Tiger Woods Shows Flashes of Old Self, but Finishes Over Par


NASSAU, the Bahamas — From the third fairway, Tiger Woods struck a shot with his 5-iron and froze on his follow-through, tracking the ball as he did routinely in his prime. The shot, his second on the 572-yard par 5 at Albany Golf Club on Thursday, was hit almost too flush. Woods had not been sure he had enough club to reach the green, so he was surprised when the ball rolled off the back of it.

He chipped to inside 5 feet and made the putt for the first birdie of his first round in 466 days, easily the longest layoff of his 21-year career.

Woods would later describe the shot as one of his best of the day. It was a signal that his game, after three injury-marred years, was not gone, just buried beneath layers of rust.

“To hit it that flush that early in the round, that felt good and gave me a little confidence,” said Woods, who briefly held a share of the lead early in the first round of the Hero World Challenge, the 18-man unofficial PGA Tour event he hosts.

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Woods teetered as he watched his second shot on the 18th hole. A strong start slipped away on the back nine.

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Christian Petersen/Getty Images

But after he made the turn in three under par, the breeze picked up, and Woods cooled off. He played the final nine holes in four over, with two double bogeys, a birdie and a bogey, for a one-over 73.

The first-round leader was J. B. Holmes, who carded an eight-under 64. Woods is 17th among the 18 golfers, ahead of only Justin Rose, who shot a 74.

“This golf course’s defense is the wind,” Holmes said, “and when it goes away, you can definitely shoot a good number.”

Woods moved into a tie with Holmes, Louis Oosthuizen and Matt Kuchar after he made his third consecutive birdie, at the par-3 eighth. But on the ninth, a par 5, he hit his drive left of the fairway and stubbed a chip on his way to his first bogey.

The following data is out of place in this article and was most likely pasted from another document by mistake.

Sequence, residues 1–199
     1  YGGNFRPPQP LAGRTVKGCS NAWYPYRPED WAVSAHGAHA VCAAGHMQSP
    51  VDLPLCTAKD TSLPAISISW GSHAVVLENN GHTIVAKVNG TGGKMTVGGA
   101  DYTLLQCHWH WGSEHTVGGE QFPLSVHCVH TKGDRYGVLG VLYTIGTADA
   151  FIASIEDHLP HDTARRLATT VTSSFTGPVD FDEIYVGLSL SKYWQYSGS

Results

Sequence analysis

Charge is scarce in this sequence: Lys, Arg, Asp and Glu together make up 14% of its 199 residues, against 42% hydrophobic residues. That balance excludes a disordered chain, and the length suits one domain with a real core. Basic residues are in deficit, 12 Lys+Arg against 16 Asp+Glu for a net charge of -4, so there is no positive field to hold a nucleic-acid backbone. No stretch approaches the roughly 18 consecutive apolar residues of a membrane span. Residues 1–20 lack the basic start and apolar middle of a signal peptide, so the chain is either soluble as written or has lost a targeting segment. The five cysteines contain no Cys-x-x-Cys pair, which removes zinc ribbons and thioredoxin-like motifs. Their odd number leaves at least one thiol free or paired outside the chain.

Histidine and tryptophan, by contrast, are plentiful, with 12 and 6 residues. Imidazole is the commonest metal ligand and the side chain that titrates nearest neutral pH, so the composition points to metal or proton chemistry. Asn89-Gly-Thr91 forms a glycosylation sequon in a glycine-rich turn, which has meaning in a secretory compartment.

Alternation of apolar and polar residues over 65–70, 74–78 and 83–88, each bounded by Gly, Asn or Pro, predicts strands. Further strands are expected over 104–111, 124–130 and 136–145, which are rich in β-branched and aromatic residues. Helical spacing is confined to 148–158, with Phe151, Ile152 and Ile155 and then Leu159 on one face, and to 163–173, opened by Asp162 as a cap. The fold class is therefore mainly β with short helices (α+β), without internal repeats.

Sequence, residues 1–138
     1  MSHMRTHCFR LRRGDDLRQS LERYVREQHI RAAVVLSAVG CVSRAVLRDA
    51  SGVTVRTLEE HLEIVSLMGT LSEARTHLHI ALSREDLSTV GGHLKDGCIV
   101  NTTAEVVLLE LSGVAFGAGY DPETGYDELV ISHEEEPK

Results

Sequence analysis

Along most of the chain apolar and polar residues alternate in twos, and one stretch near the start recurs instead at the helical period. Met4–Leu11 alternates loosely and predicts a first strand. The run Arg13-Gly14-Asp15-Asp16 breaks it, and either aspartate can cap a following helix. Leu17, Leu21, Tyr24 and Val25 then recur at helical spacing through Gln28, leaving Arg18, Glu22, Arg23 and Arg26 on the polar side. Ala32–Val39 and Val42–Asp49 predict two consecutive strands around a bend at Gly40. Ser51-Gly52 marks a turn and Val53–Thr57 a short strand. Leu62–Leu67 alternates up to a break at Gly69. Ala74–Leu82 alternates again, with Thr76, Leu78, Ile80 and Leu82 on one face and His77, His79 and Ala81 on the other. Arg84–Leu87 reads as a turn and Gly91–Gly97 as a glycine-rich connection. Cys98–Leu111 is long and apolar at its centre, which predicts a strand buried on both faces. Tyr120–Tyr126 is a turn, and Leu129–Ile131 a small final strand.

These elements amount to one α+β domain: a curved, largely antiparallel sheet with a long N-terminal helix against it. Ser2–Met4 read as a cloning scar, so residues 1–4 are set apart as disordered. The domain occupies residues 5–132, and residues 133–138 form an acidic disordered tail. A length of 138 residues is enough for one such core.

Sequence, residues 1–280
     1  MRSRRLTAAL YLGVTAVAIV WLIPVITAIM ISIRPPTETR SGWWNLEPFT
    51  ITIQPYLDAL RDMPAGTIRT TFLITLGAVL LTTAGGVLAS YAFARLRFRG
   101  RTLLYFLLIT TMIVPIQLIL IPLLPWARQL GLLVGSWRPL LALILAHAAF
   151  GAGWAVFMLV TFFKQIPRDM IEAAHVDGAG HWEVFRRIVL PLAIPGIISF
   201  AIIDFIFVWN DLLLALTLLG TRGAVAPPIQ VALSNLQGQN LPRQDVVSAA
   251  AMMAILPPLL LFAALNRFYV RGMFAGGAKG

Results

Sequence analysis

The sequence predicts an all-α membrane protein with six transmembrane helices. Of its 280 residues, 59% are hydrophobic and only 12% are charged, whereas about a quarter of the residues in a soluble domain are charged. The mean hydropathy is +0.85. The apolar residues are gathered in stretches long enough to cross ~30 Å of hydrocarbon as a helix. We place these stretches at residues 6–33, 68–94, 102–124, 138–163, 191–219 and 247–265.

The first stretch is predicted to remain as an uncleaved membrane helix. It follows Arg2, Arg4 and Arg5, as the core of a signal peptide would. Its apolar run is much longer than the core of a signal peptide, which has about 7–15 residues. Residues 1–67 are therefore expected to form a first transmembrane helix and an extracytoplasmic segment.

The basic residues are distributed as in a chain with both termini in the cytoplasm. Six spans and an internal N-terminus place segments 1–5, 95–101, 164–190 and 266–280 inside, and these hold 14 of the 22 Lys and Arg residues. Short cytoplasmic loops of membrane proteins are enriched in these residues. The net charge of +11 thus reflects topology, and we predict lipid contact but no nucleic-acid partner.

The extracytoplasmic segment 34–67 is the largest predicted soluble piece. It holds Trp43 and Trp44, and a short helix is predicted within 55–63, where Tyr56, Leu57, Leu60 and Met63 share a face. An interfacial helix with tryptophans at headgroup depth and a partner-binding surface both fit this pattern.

On the back nine, he missed three fairways. He found a water hazard with his last drive of the day, struggling home in 40.

“I let a really good round slip away at the end,” said Woods, who blamed what he described as “silly” mental mistakes, not physical fatigue, for his drop in play. “They are mistakes I don’t normally make, but I haven’t played in a while.”

He added, “I can clean that up.”

In Woods’s handpicked pairing was Patrick Reed, who idolized Woods as a child and dresses in the same color scheme — red shirts and black pants — on tournament Sundays. Reed played alongside Woods in the first two rounds the last time he was coming off a lengthy layoff, in Phoenix in 2015, where Woods also carded an opening 73 after being sidelined for six months with back problems.

The next day, Reed had a greenside seat for Woods’s 82, only the second time in his pro career that he had failed to break 80.

Reed, who had his own challenges in his round of 72, said there was no comparing Woods’s play in Phoenix with what he had witnessed Thursday.

“Last time I played with him back at Phoenix, when he got himself in some situations where he had to put a lot of torque on that back, it just looked a little glitchy,” Reed said. “It didn’t look like he could get through them, and today he could — he could fire through everything.”

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Woods wiping his face on the tenth green.

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Christian Petersen/Getty Images

Reed added: “He’s really close. He was a lot closer than I was today.”

Woods’s good shots were really, really good, Reed said, and his bad shots, well, “they weren’t very good misses.”

“But at the end of the day,” Reed added, “to take as much time as he had and come back and be his first competitive round and to have the kind of spurts that he had throughout the round, it was good to see.”

Woods played the five par 5s in one under, four strokes more than Holmes.

“I didn’t play the par 5s very well in the middle part of the round and consequently got it going the wrong way,” Woods said.

Returning after a 15-month layoff is hard. Jordan Spieth said that after three weeks away, he felt as if he had never swung a club. Asked before the tournament began what his expectations were for Woods, Spieth said: “Hoping for the best, preparing for it taking some time, as I know he is. I think he’s accepted the fact that he’ll be patient.”

The first sign that the old Woods was back came when he walked right by Golf Channel’s Notah Begay, his good friend and former Stanford teammate, without acknowledging him, so fine was his focus as he arrived at the first tee.

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